The days of our years are threescore years and ten; and if by reason of strength they be fourscore years, yet is their strength labour and sorrow; for it is soon cut off, and we fly away. Psa 90:9-10
“The days of our years are threescore years and ten.” Moses himself lived longer than this, but his was the exception not the rule in his day life had come to be very much the same in duration as it is with us. This is brevity itself, compared with the men of the elder time, it is nothing when contrasted with eternity. Yet is life long enough for virtue and piety, and all too long for vice and blasphemy. Moses here in the original writes in a disconnected manner, as if he would set forth the utter insignificance of man's hurried existence. His words may be rendered, “The days of our years! In them seventy years:” as much as to say, “The days of our years? What about them? Are they worth mentioning? The account is utterly insignificant, their full tale is but seventy.” “And if by reason of strength they be fourscore years, yet is their strength labour and sorrow.” The unusual strength which overleaps the bound of threescore and ten only lands the aged man in a region where life is a weariness and a woe. The strength of old age, its very prime and pride, are but labour and sorrow; what must its weakness be? What panting for breath! What toiling to more! What a failing of the senses! What a crushing sense of weakness! The evil days are come and the years wherein a man cries, “I have no pleasure in them.” The grasshopper has become a burden and desire faileth. Such is old age. Yet mellowed by hallowed experience, and solaced by immortal hopes, the latter days of aged Christians are not so much to be pitied as envied. The sun is setting and the heat of the day is over, but sweet is the calm and cool of the eventide; and the fair day melts away, not into a dark and dreary night, but into a glorious, unclouded, eternal day. The mortal fades to make room lot the immortal; the old man falls asleep to wake up in the region of perennial youth. “For it is soon cut off, and we fly away.” The cable is broken and the vessel sails upon the sea of eternity; the chain is snapped and the eagle mounts to its native air above the clouds. Moses mourned for men as he thus sung; and well he might, as all his comrades fell at his side. His words are more nearly rendered, “He drives us fast and we fly away;” as the quails were blown along by the strong west wind, so are men hurried before the tempests of death. To us, however, as believers, the winds are favourable; they bear us as the gales bear the swallows away from the wintry realms, to lands-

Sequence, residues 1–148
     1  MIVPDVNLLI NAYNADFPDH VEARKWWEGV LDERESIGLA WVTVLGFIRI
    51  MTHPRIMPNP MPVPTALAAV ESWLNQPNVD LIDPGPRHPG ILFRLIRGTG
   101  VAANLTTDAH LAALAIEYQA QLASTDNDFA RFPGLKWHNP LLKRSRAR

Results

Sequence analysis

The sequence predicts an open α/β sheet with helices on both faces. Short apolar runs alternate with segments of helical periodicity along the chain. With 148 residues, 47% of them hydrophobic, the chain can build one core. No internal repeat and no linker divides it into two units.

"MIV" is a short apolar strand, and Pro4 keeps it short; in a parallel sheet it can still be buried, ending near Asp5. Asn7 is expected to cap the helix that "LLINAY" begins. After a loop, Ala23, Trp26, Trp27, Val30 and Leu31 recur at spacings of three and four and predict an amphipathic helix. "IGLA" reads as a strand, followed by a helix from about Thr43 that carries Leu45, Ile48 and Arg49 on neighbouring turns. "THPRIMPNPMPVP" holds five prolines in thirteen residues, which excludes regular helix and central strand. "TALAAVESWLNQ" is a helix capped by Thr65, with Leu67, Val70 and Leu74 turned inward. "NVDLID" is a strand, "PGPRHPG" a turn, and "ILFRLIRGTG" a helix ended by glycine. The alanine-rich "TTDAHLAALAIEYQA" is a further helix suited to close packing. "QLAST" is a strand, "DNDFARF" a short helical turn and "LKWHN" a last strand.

“Where everlasting spring abides
And never withering flowers.”
Who wishes it to be otherwise? Wherefore should we linger here? What has this poor world to offer us that we should tarry on its shores? Away, away! This is not our rest. Heavenward, Ho! Let the Lord's winds drive fast it so he ordains, for they watt us the more swiftly to himself, and our own dear country.
C.H. Spurgeon -Treasury of David
This comparison of the human body to a house is extremely beautiful. The inference is obvious that our bodies are not ourselves, but only our tenement. Our sojourn in this world is on a lodger’s tenure. The keepers of the house are, of course, the arms and hands. The grinding is low as in advancing life we lose our teeth. The door is the month, for in age we talk and laugh less, and our lips become compressed. The voice pipes and mutters. The almond tree, with its white blossoms, is, of course, an appropriate symbol of old age. The lamp of life finally falls with a crash on the floor, and the wheel is broken.
What, then, is the conclusion of the whole matter? This: that earthly delights are transient; that all this world can offer is an inn for a lodging-it is not our home; that the soul must go forth on its great quest at the hour of death; and that then the one all-important consideration will be, What has been its attitude toward God? Let us love God with the loving fear of grieving Him that casts out the fear which has torment. This is the whole matter; that is the one matter of overshadowing importance.
Robert Reed - The Evil Days-Growing Olde-
There is a great deal of information in these blogs, regarding caregiving
and issues of elder abuse, and help in this area
In Sickness and In Health- videos and articles on caregiving
And battles won, and sorrows earned,
Then youth doth boast of hopes to come,
Of strength to waste, and wisdom shunned.
But if youth could seek instead the wise,
and see life through more vintage eyes
And turn to God while still they sow
The seeds of harvest they've yet to know,
They might then be blessed to reap
A bounty they'll delight to keep,
And share with those who come behind
A harvest of a richer kind.